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Home HortScience Growing No-till Tomatoes: Less Plastic, More Rye
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AUBURN, AL—Although the use of cover crops has become a vital part of no-till systems for growing row crops in the southern United States, the method has not been widely adopted for use in vegetable production. Cover crop use has been proven to improve soil properties, conserve soil water, reduce surface runoff, and recycle nutrients, but factors such as the lack of specialized equipment needed to manage tall cover crops and the region’s strong tradition of plowing and discing soil have slowed adoption of cover crops for growing vegetables.

Ted Kornecki and Francisco Arriaga from the Unites States Department of Agriculture–Agricultural Research Service (USDA–ARS) undertook a 4-year study designed to evaluate the effects of rye and crimson cover crops on tomatoes when compared with plastic mulch. They also tested three subsoiler shanks attached to the transplanter. The study was conducted during the 2005–2008 growing seasons at the Northern Alabama Horticultural Research Station in Cullman; results were published in HortScience.

In the Fall of 2004, 2005, 2006, and 2007, the cover crops cereal rye and crimson were planted using a no-till drill. Tomato plants were transplanted in the middle of May 2005, 2006, 2007 and 2008. Three subsoil shank treatments—no shank, slim shank, and wide shank—were attached to the modified transplanter to alleviate soil compaction while transplanting tomato plants for each cover crop treatment. All treatments were compared with control plots with no cover crops using plastic mulch, a typical practice for tomato production in Alabama.

According to Kornecki and Arriaga, tomatoes planted into plastic mulch cover produced higher total yield and number of fruit per plant during one season in the study. In another season of severe drought, tomatoes planted into rye residue (without shank) produced significantly higher total and marketable yield when compared to the plastic mulch control and clover. The findings indicated that the rye cover crop was better for conserving soil water for tomato use. Crimson clover did not fare as well as rye: tomato yield in clover treatments was lower across all years of the study when compared to rye and plastic treatments. The scientists added that cover crops and shank treatments did not affect percentage of marketable tomato yield compared with total tomato yield.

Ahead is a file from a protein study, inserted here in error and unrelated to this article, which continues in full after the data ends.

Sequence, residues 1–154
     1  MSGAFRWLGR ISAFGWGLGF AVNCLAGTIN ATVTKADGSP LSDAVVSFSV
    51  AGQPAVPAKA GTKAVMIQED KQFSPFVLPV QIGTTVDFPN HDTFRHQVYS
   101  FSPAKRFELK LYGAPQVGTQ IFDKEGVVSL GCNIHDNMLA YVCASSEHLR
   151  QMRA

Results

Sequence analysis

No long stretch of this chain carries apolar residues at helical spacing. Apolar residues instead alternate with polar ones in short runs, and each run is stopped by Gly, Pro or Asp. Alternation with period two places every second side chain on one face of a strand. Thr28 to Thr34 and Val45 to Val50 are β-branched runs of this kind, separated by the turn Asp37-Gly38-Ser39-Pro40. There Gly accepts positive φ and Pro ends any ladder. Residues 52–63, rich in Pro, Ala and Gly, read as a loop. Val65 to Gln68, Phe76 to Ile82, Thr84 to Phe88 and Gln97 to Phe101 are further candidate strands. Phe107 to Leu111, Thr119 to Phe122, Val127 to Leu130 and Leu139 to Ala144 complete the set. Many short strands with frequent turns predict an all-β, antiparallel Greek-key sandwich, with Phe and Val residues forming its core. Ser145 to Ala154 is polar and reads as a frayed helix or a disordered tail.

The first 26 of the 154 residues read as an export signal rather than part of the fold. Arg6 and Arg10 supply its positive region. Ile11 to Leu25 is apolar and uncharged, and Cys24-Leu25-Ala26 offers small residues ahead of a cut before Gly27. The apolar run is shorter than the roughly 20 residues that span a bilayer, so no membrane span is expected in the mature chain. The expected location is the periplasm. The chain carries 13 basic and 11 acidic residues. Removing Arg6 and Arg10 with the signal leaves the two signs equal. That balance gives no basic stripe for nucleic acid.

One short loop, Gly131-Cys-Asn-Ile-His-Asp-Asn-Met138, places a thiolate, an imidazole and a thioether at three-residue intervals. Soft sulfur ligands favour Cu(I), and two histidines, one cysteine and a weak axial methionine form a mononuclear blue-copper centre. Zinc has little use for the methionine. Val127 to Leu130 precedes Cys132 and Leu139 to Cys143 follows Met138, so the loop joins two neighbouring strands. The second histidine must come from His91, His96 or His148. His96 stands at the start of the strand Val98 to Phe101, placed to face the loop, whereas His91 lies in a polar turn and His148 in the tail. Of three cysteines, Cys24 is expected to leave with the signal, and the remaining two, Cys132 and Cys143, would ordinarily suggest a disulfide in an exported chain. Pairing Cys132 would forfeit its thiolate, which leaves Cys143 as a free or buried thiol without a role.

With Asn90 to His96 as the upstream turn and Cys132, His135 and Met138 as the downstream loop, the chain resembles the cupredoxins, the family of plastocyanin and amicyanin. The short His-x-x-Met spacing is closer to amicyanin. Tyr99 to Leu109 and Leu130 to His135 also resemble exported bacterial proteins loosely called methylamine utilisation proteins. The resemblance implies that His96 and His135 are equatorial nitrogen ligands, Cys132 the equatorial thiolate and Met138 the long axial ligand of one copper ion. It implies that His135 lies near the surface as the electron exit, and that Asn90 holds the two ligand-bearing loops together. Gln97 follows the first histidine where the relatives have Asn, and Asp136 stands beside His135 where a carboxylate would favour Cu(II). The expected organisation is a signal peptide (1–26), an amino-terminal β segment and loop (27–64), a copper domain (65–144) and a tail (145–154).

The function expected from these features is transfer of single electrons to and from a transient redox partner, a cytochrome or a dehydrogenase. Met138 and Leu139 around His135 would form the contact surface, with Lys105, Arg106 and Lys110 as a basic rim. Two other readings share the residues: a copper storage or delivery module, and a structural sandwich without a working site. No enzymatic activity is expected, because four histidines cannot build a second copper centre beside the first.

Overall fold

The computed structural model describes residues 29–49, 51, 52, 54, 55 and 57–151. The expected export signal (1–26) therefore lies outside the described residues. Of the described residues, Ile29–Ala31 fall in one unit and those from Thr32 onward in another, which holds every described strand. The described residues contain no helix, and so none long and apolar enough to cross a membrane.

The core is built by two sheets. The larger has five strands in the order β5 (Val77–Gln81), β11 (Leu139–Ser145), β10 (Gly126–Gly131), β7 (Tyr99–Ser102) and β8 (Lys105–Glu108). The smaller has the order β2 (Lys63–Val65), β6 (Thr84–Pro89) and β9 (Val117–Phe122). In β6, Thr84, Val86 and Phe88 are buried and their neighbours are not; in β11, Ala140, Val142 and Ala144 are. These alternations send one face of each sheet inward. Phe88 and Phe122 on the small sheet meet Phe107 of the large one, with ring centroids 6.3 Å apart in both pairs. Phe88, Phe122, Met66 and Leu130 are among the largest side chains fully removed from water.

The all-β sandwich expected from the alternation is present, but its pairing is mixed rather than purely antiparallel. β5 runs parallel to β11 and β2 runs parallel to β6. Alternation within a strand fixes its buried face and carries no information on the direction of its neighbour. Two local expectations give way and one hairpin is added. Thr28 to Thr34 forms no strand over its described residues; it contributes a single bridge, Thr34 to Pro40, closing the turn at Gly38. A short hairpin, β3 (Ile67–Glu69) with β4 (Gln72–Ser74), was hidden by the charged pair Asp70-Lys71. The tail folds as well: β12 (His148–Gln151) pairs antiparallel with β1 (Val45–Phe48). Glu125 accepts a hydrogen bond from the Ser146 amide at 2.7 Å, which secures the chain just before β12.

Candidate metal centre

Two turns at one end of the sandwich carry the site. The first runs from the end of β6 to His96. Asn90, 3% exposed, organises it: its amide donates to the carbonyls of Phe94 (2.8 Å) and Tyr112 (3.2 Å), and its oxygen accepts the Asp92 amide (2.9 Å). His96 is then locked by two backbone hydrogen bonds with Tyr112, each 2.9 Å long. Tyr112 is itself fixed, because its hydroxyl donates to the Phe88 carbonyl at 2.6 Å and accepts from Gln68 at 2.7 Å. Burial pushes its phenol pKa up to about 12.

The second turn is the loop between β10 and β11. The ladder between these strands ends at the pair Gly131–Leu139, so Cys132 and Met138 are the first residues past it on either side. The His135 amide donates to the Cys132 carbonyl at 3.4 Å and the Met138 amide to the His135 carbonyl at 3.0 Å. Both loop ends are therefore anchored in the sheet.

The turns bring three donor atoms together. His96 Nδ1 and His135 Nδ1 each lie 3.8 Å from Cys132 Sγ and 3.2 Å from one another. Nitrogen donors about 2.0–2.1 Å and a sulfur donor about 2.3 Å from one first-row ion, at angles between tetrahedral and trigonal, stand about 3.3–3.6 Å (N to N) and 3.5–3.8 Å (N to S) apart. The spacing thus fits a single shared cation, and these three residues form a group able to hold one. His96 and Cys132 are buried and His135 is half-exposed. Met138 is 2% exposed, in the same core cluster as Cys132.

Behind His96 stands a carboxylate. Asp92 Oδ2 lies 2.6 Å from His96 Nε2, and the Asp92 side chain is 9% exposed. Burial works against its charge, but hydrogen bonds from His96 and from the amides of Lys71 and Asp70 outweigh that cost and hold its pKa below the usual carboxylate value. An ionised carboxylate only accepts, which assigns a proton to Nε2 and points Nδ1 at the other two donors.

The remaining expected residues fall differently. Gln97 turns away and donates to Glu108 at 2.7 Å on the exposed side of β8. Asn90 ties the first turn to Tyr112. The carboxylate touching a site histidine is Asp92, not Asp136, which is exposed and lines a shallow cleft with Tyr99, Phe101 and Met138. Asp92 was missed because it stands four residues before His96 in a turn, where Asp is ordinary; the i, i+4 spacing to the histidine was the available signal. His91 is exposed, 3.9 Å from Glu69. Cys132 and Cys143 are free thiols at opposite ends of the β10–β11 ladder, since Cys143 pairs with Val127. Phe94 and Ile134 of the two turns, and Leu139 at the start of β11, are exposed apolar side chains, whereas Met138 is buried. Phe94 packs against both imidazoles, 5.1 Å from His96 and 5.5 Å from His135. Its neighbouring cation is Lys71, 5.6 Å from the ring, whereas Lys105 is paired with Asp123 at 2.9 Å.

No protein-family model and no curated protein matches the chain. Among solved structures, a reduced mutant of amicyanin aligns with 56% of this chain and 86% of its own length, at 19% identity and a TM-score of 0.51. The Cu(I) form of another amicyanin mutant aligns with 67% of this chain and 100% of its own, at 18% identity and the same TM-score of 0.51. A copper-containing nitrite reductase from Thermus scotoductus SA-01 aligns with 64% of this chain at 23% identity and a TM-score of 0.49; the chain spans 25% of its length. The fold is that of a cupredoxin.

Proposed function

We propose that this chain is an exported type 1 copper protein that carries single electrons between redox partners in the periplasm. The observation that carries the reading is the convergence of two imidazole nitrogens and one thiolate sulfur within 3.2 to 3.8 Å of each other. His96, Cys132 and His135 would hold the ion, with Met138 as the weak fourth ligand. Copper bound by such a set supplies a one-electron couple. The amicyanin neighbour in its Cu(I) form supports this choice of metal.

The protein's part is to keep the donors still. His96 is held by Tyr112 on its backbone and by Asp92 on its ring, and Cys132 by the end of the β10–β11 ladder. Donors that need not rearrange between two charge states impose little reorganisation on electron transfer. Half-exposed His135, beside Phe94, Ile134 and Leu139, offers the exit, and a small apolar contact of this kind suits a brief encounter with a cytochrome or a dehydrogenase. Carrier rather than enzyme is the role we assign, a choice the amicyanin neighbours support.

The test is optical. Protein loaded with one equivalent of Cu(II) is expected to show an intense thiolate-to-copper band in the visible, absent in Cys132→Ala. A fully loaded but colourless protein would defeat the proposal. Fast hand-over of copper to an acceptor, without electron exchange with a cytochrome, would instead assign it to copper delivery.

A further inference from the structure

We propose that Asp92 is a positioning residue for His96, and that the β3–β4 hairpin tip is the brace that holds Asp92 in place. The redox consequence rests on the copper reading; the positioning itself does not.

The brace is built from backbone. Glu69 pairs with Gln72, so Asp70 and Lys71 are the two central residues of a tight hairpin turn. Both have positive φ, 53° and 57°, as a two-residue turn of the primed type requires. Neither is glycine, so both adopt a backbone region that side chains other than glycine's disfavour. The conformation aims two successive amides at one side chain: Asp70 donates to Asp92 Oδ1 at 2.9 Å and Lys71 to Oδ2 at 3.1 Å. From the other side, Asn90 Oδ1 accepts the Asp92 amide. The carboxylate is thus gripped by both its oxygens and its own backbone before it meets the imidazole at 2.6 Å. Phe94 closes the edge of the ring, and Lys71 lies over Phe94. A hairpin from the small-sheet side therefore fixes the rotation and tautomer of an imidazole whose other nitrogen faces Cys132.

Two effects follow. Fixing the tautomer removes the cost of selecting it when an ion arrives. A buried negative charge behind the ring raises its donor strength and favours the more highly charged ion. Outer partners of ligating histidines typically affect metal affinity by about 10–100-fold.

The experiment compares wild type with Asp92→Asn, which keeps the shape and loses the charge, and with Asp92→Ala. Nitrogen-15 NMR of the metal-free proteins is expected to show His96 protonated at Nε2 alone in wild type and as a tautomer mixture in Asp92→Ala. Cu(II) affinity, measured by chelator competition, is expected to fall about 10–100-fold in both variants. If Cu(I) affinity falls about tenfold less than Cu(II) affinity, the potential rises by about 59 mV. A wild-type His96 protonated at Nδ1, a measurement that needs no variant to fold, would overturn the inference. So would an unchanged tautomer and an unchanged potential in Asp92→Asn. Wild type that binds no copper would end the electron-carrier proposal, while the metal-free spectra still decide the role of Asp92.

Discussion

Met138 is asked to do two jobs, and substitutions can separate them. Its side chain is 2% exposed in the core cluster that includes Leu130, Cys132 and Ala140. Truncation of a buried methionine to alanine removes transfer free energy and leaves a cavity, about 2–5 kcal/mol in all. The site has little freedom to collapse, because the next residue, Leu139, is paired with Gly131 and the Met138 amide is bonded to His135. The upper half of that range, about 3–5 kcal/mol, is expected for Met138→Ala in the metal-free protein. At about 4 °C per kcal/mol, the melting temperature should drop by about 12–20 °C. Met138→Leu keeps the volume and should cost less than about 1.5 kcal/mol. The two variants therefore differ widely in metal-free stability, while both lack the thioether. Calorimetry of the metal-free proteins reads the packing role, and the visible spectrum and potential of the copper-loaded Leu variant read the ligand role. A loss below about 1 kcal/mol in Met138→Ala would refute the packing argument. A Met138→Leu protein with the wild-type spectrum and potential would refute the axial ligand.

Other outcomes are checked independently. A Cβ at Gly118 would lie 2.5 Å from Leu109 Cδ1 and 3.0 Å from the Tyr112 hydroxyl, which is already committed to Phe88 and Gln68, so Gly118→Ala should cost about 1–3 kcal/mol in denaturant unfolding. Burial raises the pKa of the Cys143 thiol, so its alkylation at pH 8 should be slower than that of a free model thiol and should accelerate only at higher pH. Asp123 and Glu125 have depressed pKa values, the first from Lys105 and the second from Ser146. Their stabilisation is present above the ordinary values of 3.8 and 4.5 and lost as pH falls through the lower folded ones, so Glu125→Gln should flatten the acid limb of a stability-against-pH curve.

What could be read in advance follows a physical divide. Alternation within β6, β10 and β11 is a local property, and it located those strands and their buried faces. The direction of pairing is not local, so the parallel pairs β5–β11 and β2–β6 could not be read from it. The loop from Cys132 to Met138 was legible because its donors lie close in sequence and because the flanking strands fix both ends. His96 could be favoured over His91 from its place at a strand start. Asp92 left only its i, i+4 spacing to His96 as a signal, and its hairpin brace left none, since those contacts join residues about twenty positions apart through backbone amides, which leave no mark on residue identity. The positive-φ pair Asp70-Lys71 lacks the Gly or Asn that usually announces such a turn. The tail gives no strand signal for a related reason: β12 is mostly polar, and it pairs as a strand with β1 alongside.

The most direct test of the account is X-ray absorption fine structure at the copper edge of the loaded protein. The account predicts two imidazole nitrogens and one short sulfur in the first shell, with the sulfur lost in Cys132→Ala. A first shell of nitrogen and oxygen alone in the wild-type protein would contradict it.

Data showed that maximum soil temperature under clover was higher than that under rye in all four years of the study. "It appears that higher temperature and lower clover biomass production lead to incomplete soil cover, resulting in more weed pressure and lower water availability that affected tomato yield," the authors concluded.

The research showed that rye cover crops can provide a feasible alternative to plastic mulch for tomatoes, giving producers another "green" option for no-till operations.

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The complete study and abstract are available on the ASHS HortScience electronic journal web site: http://hortsci.ashspublications.org/cgi/content/abstract/46/5/715

Founded in 1903, the American Society for Horticultural Science (ASHS) is the largest organization dedicated to advancing all facets of horticultural research, education, and application. More information at ashs.org


 

Original Article:

Impact of Different Cover Crops and Types of Transplanter Mounted Subsoiler Shanks on Tomato Yield
Ted S. Kornecki and Francisco J. Arriaga
HortScience 46:715–720. [Abstract][Full Text][PDF]

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